Developing Artificially Intelligent Software Systems: The Question of Ethics!

While we are still quite far off from the age of “true” sentient machines, the age of smart systems and software has already begun.

Look around and you’ll find artificial intelligence powering the applications at your workplace, appliances at your home and routine tasks on your smartphone—“Hey Siri!

Yet experts believe that we’re only at the surface of the possibilities; there are loads more to come from artificial intelligence in the field of software development.

This brings us to the subject of today’s discussion:

Do we need to be wary of what we are letting into our lives from the giant-sized technology door, specifically of its ethical and moral values?

When AI Gets Rogue

In 2016, Microsoft’s teen-talking AI chatbot “Tay”—built to mimic and converse with Twitter users in real time—suddenly started spouting sexist, racist and generally awful epithets in response to the people who were Tweeting at it.

Obviously Tay wasn’t programmed to behave that way, so what made the “friendly” chatbot turn into a genocide supporter and negationist?

Well, it was the app’s ability to learn new things with each new interaction which made it an advocate of racist and offensive ideas.

Tay was still working as intended, but ethically it was a failure.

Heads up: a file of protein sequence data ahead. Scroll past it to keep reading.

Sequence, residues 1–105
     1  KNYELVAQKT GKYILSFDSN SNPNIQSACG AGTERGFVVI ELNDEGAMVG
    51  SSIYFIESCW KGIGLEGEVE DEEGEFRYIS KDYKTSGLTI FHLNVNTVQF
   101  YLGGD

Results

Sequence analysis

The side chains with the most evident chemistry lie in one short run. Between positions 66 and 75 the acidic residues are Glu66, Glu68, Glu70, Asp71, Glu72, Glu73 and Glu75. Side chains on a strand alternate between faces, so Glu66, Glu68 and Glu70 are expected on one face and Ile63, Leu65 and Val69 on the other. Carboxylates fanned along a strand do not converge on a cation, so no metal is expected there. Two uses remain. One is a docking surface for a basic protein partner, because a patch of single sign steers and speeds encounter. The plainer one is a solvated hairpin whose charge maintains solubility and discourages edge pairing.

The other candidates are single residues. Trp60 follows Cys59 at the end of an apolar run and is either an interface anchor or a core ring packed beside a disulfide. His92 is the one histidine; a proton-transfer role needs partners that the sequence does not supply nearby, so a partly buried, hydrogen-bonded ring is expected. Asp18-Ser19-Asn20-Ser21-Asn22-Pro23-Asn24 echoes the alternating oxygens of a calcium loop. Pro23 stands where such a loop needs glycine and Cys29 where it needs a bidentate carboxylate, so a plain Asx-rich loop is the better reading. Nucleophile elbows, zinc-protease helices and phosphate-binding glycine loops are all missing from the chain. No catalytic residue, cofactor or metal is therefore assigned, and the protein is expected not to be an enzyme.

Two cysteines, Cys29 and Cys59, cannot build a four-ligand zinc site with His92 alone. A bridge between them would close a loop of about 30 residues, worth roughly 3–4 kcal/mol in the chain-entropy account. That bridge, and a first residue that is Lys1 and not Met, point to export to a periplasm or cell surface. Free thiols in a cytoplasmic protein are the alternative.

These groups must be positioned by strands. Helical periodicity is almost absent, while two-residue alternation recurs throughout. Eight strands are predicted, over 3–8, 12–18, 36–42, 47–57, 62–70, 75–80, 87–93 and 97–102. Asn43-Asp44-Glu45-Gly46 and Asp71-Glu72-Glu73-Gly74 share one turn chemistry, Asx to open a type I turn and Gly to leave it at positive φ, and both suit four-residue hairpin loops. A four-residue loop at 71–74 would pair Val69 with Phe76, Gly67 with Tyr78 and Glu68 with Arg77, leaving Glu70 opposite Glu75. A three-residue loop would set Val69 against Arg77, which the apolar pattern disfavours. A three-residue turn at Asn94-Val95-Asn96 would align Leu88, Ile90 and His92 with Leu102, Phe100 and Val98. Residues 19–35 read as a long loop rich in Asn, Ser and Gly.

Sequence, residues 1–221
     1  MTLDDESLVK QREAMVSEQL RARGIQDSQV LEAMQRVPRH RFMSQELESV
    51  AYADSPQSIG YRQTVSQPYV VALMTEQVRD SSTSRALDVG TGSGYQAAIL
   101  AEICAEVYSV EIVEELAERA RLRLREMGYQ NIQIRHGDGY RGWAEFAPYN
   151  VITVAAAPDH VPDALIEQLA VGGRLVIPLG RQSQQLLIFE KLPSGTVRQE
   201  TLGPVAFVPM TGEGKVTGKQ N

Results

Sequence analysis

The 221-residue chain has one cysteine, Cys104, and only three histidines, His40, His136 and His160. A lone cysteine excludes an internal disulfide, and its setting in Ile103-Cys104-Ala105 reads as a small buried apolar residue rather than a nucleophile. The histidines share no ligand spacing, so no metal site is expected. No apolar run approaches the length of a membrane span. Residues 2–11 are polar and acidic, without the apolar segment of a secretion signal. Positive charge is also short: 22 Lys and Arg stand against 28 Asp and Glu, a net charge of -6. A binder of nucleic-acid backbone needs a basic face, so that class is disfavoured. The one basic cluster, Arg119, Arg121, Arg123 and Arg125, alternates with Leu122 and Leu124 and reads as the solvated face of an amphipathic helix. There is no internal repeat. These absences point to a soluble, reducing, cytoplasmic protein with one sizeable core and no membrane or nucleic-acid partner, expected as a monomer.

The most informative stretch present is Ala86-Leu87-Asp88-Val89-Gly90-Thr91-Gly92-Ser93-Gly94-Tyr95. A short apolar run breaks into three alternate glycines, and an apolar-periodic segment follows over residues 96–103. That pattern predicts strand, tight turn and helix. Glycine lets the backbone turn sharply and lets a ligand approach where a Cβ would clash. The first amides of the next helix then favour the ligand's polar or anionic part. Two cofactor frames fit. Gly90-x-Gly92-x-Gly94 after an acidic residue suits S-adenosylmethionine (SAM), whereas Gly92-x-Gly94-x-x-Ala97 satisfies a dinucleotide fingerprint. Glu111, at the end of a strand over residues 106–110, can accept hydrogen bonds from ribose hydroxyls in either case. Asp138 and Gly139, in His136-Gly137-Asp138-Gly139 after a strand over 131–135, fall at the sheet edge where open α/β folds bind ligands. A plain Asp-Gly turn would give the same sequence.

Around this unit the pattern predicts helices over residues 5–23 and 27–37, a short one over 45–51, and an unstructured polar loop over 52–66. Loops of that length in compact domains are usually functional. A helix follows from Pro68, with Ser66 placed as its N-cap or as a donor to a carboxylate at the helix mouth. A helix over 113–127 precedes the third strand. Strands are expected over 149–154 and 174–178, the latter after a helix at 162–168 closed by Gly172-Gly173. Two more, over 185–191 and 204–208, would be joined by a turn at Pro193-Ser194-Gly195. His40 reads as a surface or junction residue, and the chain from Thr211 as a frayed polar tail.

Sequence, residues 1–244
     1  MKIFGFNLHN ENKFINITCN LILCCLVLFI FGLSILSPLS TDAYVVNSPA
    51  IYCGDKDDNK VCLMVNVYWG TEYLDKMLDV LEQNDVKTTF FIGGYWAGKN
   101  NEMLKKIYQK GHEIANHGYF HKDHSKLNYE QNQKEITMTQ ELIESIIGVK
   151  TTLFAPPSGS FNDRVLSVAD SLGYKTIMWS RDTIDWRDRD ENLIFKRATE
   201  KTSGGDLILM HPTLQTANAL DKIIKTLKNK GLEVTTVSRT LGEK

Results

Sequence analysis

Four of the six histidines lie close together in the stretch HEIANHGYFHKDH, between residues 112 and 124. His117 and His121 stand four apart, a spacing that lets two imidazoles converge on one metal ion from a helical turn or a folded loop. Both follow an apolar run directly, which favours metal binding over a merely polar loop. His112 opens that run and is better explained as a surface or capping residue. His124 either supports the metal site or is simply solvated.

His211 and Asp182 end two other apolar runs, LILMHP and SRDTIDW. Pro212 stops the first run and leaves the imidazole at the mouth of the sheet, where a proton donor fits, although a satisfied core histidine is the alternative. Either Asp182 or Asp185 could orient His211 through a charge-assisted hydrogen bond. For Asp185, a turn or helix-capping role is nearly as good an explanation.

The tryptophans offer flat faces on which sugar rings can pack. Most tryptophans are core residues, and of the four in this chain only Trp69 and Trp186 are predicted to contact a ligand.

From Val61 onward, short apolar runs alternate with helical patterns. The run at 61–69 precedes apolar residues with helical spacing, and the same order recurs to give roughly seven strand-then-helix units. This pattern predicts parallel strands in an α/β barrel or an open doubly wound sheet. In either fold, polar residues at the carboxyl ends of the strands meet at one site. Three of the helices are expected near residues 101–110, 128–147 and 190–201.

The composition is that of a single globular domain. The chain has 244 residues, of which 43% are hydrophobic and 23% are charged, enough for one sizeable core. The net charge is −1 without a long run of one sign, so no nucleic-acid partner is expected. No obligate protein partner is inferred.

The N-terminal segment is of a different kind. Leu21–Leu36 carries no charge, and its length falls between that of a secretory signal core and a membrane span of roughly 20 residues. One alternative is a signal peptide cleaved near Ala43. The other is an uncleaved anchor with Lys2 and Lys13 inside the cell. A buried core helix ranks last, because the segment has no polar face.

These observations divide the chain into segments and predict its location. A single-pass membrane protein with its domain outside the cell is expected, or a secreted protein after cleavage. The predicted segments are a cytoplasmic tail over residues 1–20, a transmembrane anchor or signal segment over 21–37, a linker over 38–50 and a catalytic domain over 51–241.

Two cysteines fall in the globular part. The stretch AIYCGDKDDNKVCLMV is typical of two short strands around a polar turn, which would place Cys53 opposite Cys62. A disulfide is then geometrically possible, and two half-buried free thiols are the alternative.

Microsoft had to silence its AI-powered creation.

This is not the only example that underscores the concern in discussion. A similar thing happened back in 2015 with Google’s Photos.

Google Photos labeled a picture of two black people as ‘gorillas’ due to a flaw in its facial recognition algorithm.

Although the company later fixed the problem and apologized to the users, the incident highlighted how misconception and poor implementation can turn AI ethically rogue.

Where Do We Set the Boundaries with “Human-Like”?

Artificially intelligent software systems are designed to think like humans, act like humans and work like humans—albeit with much greater efficiency. They are built to save our time and money. But where do we set boundaries with “human like”?

There are both good and bad people in this world. There are some very evil people as well, who do evil things and try to harm others. How do we define what Al-powered software systems with “human-like” behavior do to mimic, so that their ethical and moral values can’t be brought to question?

It’s something that all developers need to think about.

About EX2 Outcoding

EX2 Outcoding is a nearshore IT service company, located in Costa Rica. The company provides quality software development services, web development services and other IT solutions for small and medium sized businesses. For more information, call +1 800 974 7219 or visit the company’s website.

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